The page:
Probably not. Tech took away the flexibility that human storytelling has had since time immemorial. And it’s in the process of giving it back.

The views expressed here are solely those of the author and do not reflect the beliefs of Digital Trends.

Movies & TV

From premiere date to footage: Here's all we have on 'Game of Thrones' season 8

With the eighth and final season looming, Game of Thrones fever has officially become a pandemic. Our list of all the relevant news and rumors will help make the wait more bearable, if you don't mind spoilers.
Movies & TV

First footage from 'John Wick: Chapter 3' has Keanu Reeves running for his life

John Wick: Chapter 3 -- Parabellum, the third installment of the wildly successful action series that stars Keanu Reeves as a deadly assassin forced out of retirement, hits theaters in May 2019. Here's everything we know about it so far.
Movies & TV

Curious about 'Spider-Man: Far From Home'? Here's everything we know so far

Despite some mystery surrounding Spider-Man's future after the events of Avengers: Infinity War, Spider-Man: Far From Home swings into theaters in July 2019. Here's everything we know about the movie so far.
Movies & TV

The best new movie trailers: ‘Velvet Buzzsaw,’ ‘IO,’ Fyre Festival, and more

Everyone loves a good trailer, but keeping up with what's new isn't easy. That's why we round up the best ones for you. This week, it's trailers for a Fyre Festival documentary, as well as Velvet Buzzsaw and Iron Sky: The Coming Race.

Stream UFC Fight Night 143 for free with this ESPN+ trial offer

If you're looking for a way to watch UFC Fight Night 143 and other upcoming sporting events on mobile, then ESPN's premium mobile service has you covered, and you can even take advantage of a seven-day trial to stream it totally free.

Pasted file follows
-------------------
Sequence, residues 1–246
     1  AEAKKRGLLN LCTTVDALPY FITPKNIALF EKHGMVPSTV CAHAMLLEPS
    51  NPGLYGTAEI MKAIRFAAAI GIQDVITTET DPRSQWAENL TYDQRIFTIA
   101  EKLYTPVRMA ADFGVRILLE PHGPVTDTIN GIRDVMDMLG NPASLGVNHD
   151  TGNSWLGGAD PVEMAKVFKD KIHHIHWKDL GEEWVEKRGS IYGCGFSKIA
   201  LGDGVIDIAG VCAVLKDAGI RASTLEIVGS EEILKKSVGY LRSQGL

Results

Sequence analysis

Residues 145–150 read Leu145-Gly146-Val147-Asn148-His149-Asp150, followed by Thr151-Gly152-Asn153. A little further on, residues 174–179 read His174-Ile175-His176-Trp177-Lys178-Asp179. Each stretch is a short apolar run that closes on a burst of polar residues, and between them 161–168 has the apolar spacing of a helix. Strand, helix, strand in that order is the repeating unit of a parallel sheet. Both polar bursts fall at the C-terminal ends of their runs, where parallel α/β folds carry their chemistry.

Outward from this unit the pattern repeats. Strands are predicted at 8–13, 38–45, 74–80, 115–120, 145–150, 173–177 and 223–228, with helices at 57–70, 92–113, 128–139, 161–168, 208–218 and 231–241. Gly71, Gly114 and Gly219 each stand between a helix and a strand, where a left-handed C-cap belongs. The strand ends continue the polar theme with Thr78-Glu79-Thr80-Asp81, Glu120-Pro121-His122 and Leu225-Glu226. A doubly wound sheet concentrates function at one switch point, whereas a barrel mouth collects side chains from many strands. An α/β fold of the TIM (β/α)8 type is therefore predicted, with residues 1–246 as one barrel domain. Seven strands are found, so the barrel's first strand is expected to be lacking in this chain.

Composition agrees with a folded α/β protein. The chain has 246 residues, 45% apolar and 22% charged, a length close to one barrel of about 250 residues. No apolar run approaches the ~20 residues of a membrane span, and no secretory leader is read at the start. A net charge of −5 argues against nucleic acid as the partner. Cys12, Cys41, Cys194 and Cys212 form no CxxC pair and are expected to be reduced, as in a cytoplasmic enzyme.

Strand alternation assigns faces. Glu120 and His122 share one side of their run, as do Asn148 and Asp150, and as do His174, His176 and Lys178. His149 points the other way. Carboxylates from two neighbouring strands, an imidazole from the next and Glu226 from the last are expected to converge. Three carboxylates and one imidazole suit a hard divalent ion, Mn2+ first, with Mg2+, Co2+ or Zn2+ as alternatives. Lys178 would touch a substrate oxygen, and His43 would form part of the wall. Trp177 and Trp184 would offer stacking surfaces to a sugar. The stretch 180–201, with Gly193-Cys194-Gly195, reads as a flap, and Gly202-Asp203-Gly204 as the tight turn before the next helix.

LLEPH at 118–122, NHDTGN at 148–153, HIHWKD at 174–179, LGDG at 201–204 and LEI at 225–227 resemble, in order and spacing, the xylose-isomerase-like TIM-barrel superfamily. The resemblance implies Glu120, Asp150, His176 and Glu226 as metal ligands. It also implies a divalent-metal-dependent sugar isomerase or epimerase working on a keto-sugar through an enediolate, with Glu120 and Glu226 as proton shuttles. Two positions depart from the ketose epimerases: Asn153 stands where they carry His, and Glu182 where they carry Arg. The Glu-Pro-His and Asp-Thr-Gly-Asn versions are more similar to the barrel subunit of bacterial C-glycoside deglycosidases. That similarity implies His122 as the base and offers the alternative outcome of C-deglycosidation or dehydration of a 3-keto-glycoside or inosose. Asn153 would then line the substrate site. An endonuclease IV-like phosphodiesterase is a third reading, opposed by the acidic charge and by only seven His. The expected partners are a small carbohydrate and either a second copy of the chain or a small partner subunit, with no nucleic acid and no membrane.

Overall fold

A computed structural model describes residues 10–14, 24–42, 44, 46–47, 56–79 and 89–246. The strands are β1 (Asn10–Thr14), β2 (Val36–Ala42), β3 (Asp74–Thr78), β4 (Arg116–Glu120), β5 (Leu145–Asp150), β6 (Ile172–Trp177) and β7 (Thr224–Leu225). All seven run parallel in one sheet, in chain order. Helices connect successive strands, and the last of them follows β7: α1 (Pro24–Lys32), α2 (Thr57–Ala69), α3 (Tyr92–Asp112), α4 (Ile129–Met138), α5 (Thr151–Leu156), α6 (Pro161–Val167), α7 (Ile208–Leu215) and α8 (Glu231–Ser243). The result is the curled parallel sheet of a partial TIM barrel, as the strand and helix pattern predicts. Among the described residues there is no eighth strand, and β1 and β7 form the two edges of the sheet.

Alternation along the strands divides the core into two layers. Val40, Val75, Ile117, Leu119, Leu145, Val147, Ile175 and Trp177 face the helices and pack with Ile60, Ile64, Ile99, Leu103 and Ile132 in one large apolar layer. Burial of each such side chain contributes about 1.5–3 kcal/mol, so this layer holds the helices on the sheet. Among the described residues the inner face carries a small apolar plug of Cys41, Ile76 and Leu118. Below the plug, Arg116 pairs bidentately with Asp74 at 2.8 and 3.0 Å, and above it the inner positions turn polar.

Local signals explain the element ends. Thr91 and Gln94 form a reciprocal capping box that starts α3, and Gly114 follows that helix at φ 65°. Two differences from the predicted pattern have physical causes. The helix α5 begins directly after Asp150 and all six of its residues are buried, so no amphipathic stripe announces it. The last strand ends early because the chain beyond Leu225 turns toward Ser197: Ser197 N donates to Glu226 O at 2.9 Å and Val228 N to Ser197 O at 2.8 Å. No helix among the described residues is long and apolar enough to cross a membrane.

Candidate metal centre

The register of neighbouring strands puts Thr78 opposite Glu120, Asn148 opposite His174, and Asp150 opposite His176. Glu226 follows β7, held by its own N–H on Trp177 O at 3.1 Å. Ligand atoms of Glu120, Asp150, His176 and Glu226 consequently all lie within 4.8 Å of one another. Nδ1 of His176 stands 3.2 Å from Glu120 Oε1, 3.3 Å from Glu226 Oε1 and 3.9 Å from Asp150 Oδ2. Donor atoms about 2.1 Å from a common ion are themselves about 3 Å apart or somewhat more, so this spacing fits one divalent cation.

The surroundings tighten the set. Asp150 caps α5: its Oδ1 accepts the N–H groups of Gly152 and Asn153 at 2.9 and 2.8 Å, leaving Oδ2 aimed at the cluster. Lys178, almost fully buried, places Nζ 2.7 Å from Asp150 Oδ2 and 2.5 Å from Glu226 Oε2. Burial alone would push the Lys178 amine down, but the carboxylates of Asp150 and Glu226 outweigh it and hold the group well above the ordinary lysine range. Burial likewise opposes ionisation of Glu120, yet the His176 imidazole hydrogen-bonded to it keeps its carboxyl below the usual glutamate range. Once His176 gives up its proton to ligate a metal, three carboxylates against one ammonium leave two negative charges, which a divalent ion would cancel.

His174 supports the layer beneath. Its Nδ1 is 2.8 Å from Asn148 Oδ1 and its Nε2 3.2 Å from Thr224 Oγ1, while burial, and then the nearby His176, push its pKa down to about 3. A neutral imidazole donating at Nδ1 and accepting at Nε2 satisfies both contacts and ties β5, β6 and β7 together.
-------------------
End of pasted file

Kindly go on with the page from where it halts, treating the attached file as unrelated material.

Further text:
Movies & TV

How much does Netflix cost? Here’s a pricing breakdown of its plans

Wondering how much a Netflix subscription costs? You're not the only one. That's why we put together a quick-hit guide covering all the Netflix plans, whether you want to opt for 4K streaming or a disc-based option.
Home Theater

Not chill: Netflix is hiking prices across all its tiers

Netflix has to get the billions of dollars it's spending on new content from somewhere. The streaming giant announced price hikes across the board, raising its monthly rates between $1 and $2 per tier in the next few months.
Home Theater

From the Roku Ultra to the Fire TV Cube, these are the best streaming devices

There are more options for media streamers than ever, so it’s more difficult to pick the best option. But that’s why we're here. Our curated list of the best streaming devices will get you online in no time.
Movies & TV

NBCUniversal will launch its own streaming service in 2020

NBCU is prepping a streaming service filled with its original content for a debut sometime next year, meaning that Michael, Dwight, and the rest of the Scranton crew might be moving to a new home.
Home Theater

Sling TV offers free shows, a la carte subscription channels to Roku users

If you are among a select group of Roku users, Sling TV has added free TV shows and the option to subscribe to individual channels without having to subscribe to the company's base level of channels.

Break out the Wii: ‘Just Dance’ movie reportedly in the works

Sony's Screen Gems has reportedly acquired the film rights to the Just Dance video game series from Ubisoft, which previously helped bring the game Assassin's Creed to the big screen in 2016.
Movies & TV

Apple’s first original feature film reunites Bill Murray, Sofia Coppola

The Lost in Translation team of Sofia Coppola and Bill Murray will reunite with their A Very Murray Christmas collaborator Rashida Jones for On the Rocks, Apple and studio A24's first official feature together.
Movies & TV

You can get a screaming deal on LG OLED TVs just in time for the Super Bowl

LG is offering steep discounts on its critically acclaimed OLED TV models just in time for the Super Bowl, letting discerning viewers watch their favorite athletes with higher picture quality than ever.
Movies & TV

Jason Reitman’s ‘Ghostbusters’ sequel already has a creepy teaser trailer

Jason Reitman, son of Ghostbusters director Ivan Reitman, has secretly co-written a follow-up to the 1984 supernatural comedy. Filming begins this summer, but it's not clear if the original Ghostbusters will reprise their roles.